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maceffects

Mac SE/30 PDS & Power Questions

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As some of you know I'm working with an engineer on making a functional replacement for the Micron Xceed with internal grayscale functionality.  Given the increased BOM for FPGA/DAC I decided that I would go with a SoM to allow the project to be open-source and software guys can make use of the USB/ethernet/WiFi/Bluetooth.  Thus far we have a concept that will allow the Mac SE/30 to have the Xceed internal grayscale functionality and allow the Mac SE/30 to be switched to run Ubuntu with a dual-core Cortex A9 667mhz processor.  The output would go to the SE/30's display at 256 grays. 

 

Anyway, a lot more development work is needed, however, I would like to know (if anyone knows) the unused power supply on the 12v system on the SE/30.  Our design appears to use around 300mA.  I'm thinking of having an Molex connector on the card to draw in since I doubt the PDS slot would be happy about this.  Is the SE/30 power supply sufficient for this task?  Also, does the SE/30 PDS have any ability to interface with the ADB system?  If not, we will have to have a loop-back cable which would not have the best appearance. 

 

General feedback is also welcome.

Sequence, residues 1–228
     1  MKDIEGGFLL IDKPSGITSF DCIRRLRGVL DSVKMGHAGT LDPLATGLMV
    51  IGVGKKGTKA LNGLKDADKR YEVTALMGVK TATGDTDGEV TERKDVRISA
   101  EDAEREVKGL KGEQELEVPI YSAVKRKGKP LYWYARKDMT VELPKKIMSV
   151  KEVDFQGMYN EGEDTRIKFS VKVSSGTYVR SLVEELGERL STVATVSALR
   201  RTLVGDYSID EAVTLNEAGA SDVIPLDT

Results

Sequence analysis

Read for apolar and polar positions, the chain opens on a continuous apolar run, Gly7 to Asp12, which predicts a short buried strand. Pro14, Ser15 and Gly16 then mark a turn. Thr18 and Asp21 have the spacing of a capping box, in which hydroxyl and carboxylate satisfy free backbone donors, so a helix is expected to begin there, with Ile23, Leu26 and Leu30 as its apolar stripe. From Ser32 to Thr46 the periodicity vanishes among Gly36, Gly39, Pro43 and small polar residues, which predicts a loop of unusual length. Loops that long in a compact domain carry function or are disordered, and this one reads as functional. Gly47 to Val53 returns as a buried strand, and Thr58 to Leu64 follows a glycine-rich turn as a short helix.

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Interesting project. So is the Cortex processor going to be present on all variants or is it an add-in sort of thing? Personally I'd only be interested in the grayscale adapter part; I wouldn't use most of the rest of it.

 

As for Ubuntu, has anyone tried to see how usable it would be at that resolution? Most modern installs give me fits if trying to run on anything under 1024x768@24bpp, so I can't imagine it would be happy with 512x384@8bpp. 

 

PDSes were different from machine to machine, some with pass-throughs for additional signals such as sound and others having (or missing) lines to control cache or FPU presence. I don't think ADB was ever available at any PDS though. You'd probably have to build a Y-cable with one end going to the SE/30's ADB port and the other to your expansion card's ADB input which you could build into the external slot interface. It wouldn't ruin the aesthetic too much.